. . . Equipping Oneself with the Legal Aspects of data Handling
The Data Protection Act, 2012 (Act 843) is a Ghanaian law that sets out the rules and principles governing the collection, use, disclosure, erasure and care for personal data. It protects the rights of data subjects by mandating data controllers and processors to process personal data in accordance with their rights.
The Data Protection Commission (DPC) is an independent statutory body, established under Act 843 with the core mandate of implementing the provisions of the Act. The mission of DPC is to protect the privacy of data subjects.
Data Subjects are individuals, whose personal data (information) are collected, stored or processed. Almost everyone in Ghana is a Data Subject by virtue of being an employee, a student, saving with a bank, owning a phone number, visiting health facilities or dealing with state institutions.
One of the goals of the DPC is to increase data subject’s awareness of data protection rights and empower them to assert those rights. Consequently, the commission has established the framework for enhancing data protection. This pertains to individuals, professionals and companies alike. In particular, professionals who play significant roles in collecting, storing, giving access to, and sharing data have a huge responsibility. It is said that ignorance of the law is no excuse. It is high time professionals and users get abreast with recent developments in the legal dimension of data handling. A visit to the DPC’s website shows that it has made provisions to achieve its mandate; but do the people it affects care to know about those provisions?
When I read the press release from the Controller and Accountant-General’s Department (CAGD) titled; “Unsolicited text messages to government employees”, I became worried and confused. A legal action should have rather been taken by the affected employees against CAGD. How could companies manage to get phone numbers of government employees without the involvement of staff(s) of CAGD?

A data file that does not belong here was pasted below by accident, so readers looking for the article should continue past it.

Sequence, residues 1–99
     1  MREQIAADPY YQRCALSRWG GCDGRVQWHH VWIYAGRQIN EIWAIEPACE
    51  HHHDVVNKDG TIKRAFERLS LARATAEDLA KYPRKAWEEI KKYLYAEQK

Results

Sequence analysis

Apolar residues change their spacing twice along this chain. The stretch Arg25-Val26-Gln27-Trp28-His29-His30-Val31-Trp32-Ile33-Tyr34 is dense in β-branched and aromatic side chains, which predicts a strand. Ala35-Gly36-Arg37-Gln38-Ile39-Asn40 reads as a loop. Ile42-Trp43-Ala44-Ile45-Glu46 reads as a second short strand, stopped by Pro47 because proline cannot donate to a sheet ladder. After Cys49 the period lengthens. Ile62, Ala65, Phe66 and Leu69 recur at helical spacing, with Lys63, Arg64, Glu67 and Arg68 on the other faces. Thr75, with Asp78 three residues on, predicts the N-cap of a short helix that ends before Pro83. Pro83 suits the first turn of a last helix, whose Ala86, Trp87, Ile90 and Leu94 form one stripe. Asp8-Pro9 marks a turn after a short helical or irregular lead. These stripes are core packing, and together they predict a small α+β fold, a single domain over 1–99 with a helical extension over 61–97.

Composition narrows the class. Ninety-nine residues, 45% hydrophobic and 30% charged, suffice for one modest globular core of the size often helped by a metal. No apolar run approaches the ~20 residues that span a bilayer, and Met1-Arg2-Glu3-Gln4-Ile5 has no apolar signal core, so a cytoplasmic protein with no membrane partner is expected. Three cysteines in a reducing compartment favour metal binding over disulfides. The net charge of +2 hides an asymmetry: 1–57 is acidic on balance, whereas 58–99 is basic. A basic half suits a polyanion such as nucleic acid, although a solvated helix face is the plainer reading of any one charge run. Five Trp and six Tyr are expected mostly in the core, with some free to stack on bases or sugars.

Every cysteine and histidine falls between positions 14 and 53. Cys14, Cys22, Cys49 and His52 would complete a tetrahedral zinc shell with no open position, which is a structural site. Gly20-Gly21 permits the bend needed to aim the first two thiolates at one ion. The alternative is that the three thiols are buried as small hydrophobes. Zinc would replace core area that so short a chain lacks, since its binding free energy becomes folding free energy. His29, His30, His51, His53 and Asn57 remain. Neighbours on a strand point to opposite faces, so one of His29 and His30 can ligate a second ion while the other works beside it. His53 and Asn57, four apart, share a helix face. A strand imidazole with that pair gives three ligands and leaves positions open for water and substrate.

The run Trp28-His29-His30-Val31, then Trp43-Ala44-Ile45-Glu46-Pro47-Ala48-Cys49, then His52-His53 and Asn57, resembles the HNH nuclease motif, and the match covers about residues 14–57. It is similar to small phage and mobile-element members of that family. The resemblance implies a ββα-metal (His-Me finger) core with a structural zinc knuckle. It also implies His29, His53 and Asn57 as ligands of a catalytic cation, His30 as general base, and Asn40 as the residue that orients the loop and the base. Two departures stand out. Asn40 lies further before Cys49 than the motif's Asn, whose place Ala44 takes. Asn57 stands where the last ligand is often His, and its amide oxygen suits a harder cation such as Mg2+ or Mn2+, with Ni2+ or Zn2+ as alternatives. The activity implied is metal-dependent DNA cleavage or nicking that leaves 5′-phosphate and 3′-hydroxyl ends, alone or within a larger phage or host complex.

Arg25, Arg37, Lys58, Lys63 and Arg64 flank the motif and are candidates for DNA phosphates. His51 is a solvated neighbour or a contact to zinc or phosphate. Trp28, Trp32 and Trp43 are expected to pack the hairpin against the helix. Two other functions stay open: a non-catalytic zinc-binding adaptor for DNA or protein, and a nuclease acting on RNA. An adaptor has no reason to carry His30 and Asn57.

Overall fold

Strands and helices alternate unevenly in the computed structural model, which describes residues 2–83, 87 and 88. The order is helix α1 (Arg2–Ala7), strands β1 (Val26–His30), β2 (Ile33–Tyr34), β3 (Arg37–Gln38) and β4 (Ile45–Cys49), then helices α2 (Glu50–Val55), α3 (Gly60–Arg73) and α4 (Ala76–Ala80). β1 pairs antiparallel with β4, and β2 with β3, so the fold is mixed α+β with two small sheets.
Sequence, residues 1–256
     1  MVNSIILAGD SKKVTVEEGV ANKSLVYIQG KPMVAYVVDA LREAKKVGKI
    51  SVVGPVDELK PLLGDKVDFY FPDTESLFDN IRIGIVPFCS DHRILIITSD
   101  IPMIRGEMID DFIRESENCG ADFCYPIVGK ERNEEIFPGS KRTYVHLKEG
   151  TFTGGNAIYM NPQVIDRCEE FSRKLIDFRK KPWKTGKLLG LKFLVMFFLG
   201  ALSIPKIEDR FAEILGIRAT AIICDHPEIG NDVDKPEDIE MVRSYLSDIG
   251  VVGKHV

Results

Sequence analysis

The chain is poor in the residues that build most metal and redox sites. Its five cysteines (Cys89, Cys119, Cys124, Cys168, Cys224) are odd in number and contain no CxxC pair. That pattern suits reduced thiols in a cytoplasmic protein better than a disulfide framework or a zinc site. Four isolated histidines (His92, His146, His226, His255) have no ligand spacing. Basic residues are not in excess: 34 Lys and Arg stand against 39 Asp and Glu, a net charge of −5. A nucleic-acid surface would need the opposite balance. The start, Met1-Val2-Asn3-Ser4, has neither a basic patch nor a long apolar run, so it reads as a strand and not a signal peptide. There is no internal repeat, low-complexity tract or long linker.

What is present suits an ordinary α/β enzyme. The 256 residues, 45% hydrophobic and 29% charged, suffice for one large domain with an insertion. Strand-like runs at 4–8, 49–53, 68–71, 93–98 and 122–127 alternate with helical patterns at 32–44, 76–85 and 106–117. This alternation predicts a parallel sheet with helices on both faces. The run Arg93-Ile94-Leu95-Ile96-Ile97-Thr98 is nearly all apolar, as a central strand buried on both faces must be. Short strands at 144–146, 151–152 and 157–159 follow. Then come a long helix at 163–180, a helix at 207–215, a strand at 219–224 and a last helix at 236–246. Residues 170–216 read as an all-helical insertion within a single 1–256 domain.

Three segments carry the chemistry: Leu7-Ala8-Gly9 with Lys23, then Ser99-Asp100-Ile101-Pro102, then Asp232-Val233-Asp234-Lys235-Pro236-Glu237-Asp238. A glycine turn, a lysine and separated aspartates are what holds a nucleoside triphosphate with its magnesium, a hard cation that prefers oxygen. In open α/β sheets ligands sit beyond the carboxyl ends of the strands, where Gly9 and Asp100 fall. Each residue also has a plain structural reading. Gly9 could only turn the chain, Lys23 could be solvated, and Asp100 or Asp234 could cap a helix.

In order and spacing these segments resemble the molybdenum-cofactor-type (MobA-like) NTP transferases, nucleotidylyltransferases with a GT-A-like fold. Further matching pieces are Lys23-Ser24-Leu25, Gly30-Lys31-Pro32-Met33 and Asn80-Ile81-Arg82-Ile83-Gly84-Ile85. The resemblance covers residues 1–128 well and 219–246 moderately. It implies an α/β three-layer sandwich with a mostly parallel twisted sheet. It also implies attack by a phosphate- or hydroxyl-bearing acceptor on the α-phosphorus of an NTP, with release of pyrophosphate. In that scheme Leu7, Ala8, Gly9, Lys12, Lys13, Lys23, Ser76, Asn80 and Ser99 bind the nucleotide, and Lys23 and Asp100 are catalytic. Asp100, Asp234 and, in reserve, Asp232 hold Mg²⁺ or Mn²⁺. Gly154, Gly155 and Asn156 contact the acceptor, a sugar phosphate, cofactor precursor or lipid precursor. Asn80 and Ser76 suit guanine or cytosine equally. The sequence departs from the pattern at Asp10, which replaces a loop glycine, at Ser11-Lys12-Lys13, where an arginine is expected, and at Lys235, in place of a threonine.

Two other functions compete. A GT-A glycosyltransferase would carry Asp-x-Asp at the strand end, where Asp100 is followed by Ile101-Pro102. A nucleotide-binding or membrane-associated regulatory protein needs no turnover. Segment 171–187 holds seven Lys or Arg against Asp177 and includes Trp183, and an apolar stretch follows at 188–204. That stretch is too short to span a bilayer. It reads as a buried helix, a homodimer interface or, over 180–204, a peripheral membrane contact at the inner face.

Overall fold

Could it be that some telecommunication companies also sell our data to entities, who send us unsolicited text messages on daily basis?
If data subjects are aware of their right under the law, they can take appropriate actions against those who breach their rights. Also, the subjects can thread their professional paths cautiously, especially, given that the next evolution bothers on data.
In order to know the extent to which people in Ghana are aware of Act 843, I conducted a research to investigate this subject.
I interviewed a group of 450 bank employees in 18 different sessions between May and June, 2018. The sample was drawn from two banks in Ghana; with 429 and 21 participants from “Bank A” and “Bank B” respectively. Out of the 450 interviewees, about 90% of them were people with at least, tertiary education and belong to the upper and middle class of our society.
The participants were asked the following questions in this order:
- Which one of you here read or heard of the Data Protection Act, 2012?
- With those of you who have read or heard about it, what do you know about it?
With reference to question 1, 5% (23) of the participants responded in the affirmative. This indicates that, 95% (427) of them were ignorant of the existence of the Act.
The 23 participants who answered question 1 in the affirmative were further asked the second question. Out of these participants, only 8 could mention that, the act is a Ghanaian law that protects data subjects.
In essence, only 2% of the 450 participants knew what the Act was about.
The Feedback and Conclusion
It is evident from the research that, 95% of the participants did not know of the existence of such a law in Ghana, whilst 65% of those who knew of the existence of the law did not know what the law was about. It should also be noted that, 90% of the participants were educated people in the upper and middle class of our society. If people in such a social class are even ignorant of such a law, then what can we say about those in the lower class of our society? There is therefore an urgent call for action; both users and professionals should become very interested in knowing the legal aspects of the ICT industry.
While the DPC conscientiously do all it can to achieve its goal of increasing the data subject’s awareness of data protection rights and empowering them to assert those rights, it is also necessary for the subjects to take advantage of the provisions made. The commission should also go a step further in devising cost effective means such as using the social media to achieve this goal.
The Government of Ghana needs to continue to provide adequate resources to the commission to carry out its functions to safeguard data subjects. Other stakeholders like donor agencies, NGOs and private institutions in this ecosystem can also contribute their quota to help the commission.
Author: Sherrif Issah – (Consultant @ Digital Jewels Ltd and Member: Institute of ICT Professionals, Ghana)
For comments, contact author email@example.com Mobile: +233243835912